Tax relief on pension contributions: are you claiming the correct tax relief?

While pension simplification was introduced on 6 April 2006 (A-Day) the rules governing pension contributions have significantly changed over the last few years, making the provision for retirement more complicated. This may lead to individuals not claiming the correct tax relief in respect of pension contributions paid - are you one of them?
The amount of pension contributions (both employee and personal contributions) that attract tax relief can vary depending on the level of ‘earnings’ and the ‘total income’ received in any one particular tax year. It is therefore sensible to seek relevant advice from a pensions expert when planning for your retirement.

The amount of tax relief received will depend on the rate at which the individual pays income tax. Basic rate taxpayers will automatically receive 20% tax relief on contributions and the pension provider will make the necessary arrangements to obtain the tax relief from HMRC. As a result no further action will be required from the individual.

However, the position for higher and additional rate taxpayers is a little more complicated. As with the basic taxpayer the tax relief of 20% is received at source.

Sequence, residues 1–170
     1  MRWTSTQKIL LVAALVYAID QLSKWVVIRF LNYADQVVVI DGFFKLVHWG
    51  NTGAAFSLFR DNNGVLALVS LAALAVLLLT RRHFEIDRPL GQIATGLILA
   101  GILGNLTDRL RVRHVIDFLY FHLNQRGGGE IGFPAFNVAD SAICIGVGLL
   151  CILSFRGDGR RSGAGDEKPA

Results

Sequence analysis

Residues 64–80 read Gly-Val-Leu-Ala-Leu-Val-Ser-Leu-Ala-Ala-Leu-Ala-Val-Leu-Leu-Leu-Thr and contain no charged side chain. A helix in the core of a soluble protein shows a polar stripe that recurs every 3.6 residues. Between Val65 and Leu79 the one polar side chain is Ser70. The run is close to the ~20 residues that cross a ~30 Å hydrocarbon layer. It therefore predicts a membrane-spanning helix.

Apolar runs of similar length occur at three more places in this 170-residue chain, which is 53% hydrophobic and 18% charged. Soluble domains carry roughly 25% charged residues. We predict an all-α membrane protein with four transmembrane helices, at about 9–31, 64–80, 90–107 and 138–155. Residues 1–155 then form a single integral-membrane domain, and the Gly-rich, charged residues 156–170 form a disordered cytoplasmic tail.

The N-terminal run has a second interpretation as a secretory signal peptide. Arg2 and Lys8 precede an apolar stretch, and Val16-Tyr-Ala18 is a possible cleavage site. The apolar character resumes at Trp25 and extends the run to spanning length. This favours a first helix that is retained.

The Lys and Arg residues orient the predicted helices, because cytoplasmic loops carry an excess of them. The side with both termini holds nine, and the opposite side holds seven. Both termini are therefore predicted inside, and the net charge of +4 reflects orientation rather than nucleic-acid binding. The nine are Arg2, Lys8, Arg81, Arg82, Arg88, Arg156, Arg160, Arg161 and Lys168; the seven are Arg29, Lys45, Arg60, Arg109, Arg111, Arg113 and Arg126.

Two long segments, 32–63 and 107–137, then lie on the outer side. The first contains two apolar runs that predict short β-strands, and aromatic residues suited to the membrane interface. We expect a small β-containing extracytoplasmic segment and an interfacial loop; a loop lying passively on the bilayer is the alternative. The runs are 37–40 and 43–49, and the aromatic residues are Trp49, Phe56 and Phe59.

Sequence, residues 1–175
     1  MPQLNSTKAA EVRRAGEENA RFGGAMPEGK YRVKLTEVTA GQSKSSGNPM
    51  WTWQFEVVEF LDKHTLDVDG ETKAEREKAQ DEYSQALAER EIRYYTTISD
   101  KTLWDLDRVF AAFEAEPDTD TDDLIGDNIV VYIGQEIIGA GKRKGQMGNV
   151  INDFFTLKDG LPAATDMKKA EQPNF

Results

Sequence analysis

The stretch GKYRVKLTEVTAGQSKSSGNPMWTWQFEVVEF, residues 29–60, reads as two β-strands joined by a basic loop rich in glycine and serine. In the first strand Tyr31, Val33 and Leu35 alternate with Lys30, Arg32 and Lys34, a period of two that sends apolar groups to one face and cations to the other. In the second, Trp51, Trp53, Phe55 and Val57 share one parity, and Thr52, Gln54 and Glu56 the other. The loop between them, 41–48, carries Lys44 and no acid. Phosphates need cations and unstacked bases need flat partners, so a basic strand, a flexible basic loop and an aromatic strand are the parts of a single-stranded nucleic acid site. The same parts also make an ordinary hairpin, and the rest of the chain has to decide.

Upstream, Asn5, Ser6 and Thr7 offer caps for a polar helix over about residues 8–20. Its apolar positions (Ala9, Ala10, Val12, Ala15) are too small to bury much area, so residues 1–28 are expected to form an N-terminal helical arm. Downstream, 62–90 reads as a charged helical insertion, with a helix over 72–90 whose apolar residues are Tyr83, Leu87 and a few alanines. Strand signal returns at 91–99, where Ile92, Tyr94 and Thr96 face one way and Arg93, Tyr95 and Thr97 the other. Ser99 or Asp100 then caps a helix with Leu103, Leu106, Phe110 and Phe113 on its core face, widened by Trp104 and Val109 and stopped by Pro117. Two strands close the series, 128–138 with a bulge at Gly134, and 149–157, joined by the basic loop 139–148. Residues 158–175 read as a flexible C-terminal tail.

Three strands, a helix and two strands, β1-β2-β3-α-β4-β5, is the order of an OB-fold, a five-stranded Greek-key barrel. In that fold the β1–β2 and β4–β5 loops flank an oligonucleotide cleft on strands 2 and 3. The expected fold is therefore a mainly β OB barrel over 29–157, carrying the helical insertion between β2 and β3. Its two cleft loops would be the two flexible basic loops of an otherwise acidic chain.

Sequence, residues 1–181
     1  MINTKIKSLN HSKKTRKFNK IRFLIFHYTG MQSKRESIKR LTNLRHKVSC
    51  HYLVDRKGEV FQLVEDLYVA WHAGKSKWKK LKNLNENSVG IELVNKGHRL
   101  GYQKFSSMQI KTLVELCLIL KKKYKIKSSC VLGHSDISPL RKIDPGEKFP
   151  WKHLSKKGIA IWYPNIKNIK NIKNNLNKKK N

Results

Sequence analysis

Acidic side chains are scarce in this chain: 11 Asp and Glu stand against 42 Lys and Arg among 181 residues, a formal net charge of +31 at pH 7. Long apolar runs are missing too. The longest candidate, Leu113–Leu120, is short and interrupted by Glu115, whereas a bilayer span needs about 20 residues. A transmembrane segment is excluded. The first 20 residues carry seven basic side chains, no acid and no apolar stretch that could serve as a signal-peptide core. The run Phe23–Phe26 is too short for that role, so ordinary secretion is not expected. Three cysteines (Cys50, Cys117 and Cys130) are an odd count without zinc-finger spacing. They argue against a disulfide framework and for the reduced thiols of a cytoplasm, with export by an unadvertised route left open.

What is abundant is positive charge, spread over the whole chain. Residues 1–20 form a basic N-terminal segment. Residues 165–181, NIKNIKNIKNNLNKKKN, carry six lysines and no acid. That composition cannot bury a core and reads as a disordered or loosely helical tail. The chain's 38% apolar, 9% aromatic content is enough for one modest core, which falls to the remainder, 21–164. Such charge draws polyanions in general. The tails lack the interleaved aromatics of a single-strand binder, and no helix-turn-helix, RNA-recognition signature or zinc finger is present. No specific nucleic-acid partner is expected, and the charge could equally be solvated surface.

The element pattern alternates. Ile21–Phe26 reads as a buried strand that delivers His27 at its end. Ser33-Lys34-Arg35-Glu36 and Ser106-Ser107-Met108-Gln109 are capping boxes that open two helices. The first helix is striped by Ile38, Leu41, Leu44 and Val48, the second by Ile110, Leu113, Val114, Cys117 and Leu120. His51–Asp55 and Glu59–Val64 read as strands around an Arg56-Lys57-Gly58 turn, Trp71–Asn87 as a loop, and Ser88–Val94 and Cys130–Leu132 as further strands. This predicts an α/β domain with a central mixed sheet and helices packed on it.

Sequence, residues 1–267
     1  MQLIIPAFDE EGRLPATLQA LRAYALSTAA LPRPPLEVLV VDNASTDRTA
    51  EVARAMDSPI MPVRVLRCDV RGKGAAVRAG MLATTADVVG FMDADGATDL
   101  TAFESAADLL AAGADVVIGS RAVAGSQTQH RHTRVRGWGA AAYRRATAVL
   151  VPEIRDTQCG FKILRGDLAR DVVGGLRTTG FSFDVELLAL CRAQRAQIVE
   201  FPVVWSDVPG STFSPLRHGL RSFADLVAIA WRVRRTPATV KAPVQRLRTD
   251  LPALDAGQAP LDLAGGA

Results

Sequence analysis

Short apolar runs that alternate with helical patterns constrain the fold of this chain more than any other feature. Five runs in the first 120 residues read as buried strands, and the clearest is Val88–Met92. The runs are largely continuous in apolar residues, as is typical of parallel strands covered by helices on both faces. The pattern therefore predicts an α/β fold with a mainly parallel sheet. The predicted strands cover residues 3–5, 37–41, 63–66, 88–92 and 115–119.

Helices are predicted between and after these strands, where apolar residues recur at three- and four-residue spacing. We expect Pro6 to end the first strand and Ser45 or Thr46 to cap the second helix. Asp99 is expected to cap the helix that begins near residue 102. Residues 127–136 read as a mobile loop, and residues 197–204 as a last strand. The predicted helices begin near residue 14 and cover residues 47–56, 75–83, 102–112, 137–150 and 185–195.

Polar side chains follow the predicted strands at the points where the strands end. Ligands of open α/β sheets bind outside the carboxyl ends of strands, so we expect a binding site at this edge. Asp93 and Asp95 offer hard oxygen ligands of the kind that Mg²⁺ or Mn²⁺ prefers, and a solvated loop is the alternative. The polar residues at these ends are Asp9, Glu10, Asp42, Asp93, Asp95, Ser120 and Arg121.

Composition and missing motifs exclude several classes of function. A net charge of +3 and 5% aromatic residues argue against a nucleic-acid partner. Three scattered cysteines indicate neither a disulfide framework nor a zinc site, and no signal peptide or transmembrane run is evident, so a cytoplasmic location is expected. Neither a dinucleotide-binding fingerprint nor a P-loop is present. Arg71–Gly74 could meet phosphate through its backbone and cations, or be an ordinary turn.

In order to claim higher or additional rate tax relief the pension contributions will (subject to any limits on the level of contributions) need to be included on an individual’s self-assessment tax return. The Income Tax relief is claimed by extending the basic rate band. If a self-assessment tax return is not required, individuals are able to notify HMRC of the level of pension contribution and the additional tax relief can be claimed via a deduction in the PAYE tax coding notice.

Any pension contributions made under a salary sacrifice scheme does not attract tax relief (basic, higher
or additional rate) and therefore no further action is required.

An example:

Mr A is a higher rate taxpayer and makes a contribution of £10,000 on 31 March 2017 to his personal pension.

Mr A’s pension provider will claim the basic rate tax relief at source on the contribution of 20% of the gross amount - £2,500.

Mr A needs to include the pension contributions on his 2017 tax return so that he receives the higher rate tax relief (effectively extending the rate at which Mr A pays tax to 20% rather than 40% by the gross contribution, £12,500). Mr A therefore receives further tax relief of £2,500.

Mr A has received total tax relief of £5,000 for a contribution of £12,500 in his pension.

If you have not notified HMRC that you are making pension contributions or they are not included on your tax return you may be missing out on valuable higher/ additional rate tax relief.

This article was taken from the Summer issue of the Professional Practices Group Newsletter. To download a PDF version of the full newsletter please click here.
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